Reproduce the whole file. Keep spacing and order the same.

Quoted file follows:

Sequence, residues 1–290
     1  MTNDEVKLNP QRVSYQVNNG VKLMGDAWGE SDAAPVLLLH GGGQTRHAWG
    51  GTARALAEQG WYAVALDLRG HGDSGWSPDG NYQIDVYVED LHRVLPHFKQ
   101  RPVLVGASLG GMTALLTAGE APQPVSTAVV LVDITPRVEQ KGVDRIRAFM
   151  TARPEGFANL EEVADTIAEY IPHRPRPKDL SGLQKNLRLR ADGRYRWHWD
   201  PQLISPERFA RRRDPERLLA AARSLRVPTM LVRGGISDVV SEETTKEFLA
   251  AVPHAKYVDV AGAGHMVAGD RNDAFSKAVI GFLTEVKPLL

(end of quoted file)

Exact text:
Sequence, residues 1–290
     1  MTNDEVKLNP QRVSYQVNNG VKLMGDAWGE SDAAPVLLLH GGGQTRHAWG
    51  GTARALAEQG WYAVALDLRG HGDSGWSPDG NYQIDVYVED LHRVLPHFKQ
   101  RPVLVGASLG GMTALLTAGE APQPVSTAVV LVDITPRVEQ KGVDRIRAFM
   151  TARPEGFANL EEVADTIAEY IPHRPRPKDL SGLQKNLRLR ADGRYRWHWD
   201  PQLISPERFA RRRDPERLLA AARSLRVPTM LVRGGISDVV SEETTKEFLA
   251  AVPHAKYVDV AGAGHMVAGD RNDAFSKAVI GFLTEVKPLL